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O. International Financial Reporting Standards (IFRS)

O. International Financial Reporting Standards (IFRS)

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Module 18: Business Combinations and Consolidations



755



a. If the noncontrolling interest is valued at fair value, the noncontrolling interest is calculated by determining

the market price for equity shares not held by the acquirer. If the market value is not available, other valua­

tion techniques may be used to measure the fair value.

b. The second method for valuing noncontrolling interest is to calculate the fair value of net assets acquired

and multiply that amount times the percentage of shares owned by the noncontrolling interest. Note that

these two methods may result in different amounts of goodwill being recognized by the acquirer.

The calculation of goodwill is

Consideration transferred

+ Noncontrolling interest in acquiree (valued at % of FV or % share of net assets)

+ Fair value of previously held interests in acquiree

– Fair value of net assets acquired

Goodwill







c. If goodwill is negative, a gain from bargain purchase should be recognized in the current period on the in­

come statement.







3. Consolidated financial statements are required for all parent and subsidiaries wherein the parent has control.

Simi­lar to US GAAP, control is presumed if the entity has more than 50% of the voting shares of another entity.

However, under IFRS, a parent may exclude a subsidiary only if three conditions are met: (1) is it wholly or

par­tially owned and its other owners do not object to nonconsolidation; (2) it does not have any debt or equity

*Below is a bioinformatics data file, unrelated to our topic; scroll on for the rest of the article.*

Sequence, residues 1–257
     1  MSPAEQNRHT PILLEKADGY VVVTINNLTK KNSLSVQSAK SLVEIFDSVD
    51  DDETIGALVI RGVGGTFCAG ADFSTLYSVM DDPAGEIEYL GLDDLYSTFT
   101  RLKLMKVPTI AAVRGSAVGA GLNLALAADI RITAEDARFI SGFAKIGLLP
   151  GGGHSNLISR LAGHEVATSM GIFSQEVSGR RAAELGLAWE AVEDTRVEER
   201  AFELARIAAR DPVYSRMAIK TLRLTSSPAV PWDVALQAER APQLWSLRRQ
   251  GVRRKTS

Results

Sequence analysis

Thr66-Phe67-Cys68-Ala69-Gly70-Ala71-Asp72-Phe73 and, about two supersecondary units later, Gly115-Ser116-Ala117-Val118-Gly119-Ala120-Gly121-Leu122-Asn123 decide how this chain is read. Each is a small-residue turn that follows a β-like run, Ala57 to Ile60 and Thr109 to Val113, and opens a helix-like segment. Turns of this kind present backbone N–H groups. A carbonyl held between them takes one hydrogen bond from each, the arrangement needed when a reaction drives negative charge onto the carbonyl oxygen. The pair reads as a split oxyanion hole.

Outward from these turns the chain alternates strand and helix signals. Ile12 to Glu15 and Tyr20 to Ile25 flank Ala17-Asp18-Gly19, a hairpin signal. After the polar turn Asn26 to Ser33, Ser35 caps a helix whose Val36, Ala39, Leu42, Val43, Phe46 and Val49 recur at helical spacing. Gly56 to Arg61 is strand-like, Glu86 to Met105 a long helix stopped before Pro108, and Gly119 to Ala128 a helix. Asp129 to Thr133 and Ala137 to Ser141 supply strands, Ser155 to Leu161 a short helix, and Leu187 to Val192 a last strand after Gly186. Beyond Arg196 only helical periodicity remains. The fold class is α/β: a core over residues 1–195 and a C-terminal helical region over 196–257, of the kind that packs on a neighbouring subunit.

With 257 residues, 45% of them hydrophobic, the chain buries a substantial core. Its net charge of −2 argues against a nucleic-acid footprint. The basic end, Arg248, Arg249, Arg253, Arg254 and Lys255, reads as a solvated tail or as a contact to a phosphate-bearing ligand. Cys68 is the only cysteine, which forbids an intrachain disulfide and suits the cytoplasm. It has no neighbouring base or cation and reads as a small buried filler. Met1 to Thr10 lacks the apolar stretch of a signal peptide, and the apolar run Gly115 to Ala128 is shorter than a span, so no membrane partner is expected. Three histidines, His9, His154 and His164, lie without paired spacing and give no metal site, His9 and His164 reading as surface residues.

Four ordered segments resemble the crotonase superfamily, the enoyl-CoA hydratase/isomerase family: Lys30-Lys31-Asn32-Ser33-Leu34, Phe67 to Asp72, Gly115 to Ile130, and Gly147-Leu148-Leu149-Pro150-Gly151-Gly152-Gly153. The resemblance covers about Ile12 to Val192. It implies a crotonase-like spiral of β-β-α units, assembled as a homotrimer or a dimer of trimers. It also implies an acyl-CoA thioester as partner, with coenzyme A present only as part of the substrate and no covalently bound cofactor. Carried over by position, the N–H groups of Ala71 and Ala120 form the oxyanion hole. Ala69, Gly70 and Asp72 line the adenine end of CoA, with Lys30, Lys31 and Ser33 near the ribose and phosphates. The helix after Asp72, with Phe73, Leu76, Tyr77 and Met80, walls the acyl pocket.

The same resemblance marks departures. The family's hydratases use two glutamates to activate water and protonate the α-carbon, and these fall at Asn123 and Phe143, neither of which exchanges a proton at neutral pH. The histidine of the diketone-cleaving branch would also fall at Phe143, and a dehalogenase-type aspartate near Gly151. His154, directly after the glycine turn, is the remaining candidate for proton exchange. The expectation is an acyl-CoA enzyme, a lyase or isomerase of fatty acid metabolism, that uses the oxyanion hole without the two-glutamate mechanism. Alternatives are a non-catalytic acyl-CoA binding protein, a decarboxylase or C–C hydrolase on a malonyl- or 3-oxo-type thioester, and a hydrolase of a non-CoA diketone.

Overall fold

in­struments publicly traded; and (3) its parent prepares consolidated financial statements that comply with IFRS.

4. The SEC requires the use of “push-down” accounting as described in M. above whereas IFRS disallows its use.







NOW REVIEW MULTIPLE-CHOICE QUESTIONS 78 THROUGH 79



KEY TERMS

Business. “An integrated set of activities and assets that is capable of being conducted and managed for the pur­pose of

providing a return in the form of dividends, lower costs, or other economic benefits directly to.”

Acquiree. The business that is being acquired.

Acquirer. The entity that obtains control of the acquiree.

Acquisition date. The date on which the acquirer obtains control of the acquiree.

Business combination. A transaction or event in which the acquirer obtains control of one or more businesses.

Control. A controlling financial interest by ownership of a majority of the voting shares of stock. The general rule is

that ownership either directly or indirectly by one company or more than 50% of the outstanding voting shares of another

company constitutes control.

Identifiable asset. Arises from a contractual or legal right, or if it is separable.

Separable. It can be separated or divided from the entity and sold, transferred, licensed, rented, or exchanged.

Goodwill. “An asset representing the future economic benefits that arises from other assets acquired in a business com­

bination that are not individually identified and separately recognized.”

Variable interest entities (VIE). Control is achieved based on contractual, ownership, or other pecuniary interest that

change with changes in the entity’s net asset value.

Primary beneficiary. An entity that has a controlling financial interest in a VIE.

Combined financial statements. The term used to describe financial statements prepared for companies that are

owned by the same parent company or individual.

Contingent consideration. A promise to pay additional cash or to issue additional shares of the equity of the ac­quirer.

Bargain purchase. If the consideration paid by the acquirer plus the fair value of noncontrolling interest is less than

the fair value of the net identifiable assets.



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Multiple-Choice Questions (1–79)

A–C. Accounting for the Combination

1. On April 1, year 1, Dart Co. paid $620,000 for all the

issued and outstanding common stock of Wall Corp. The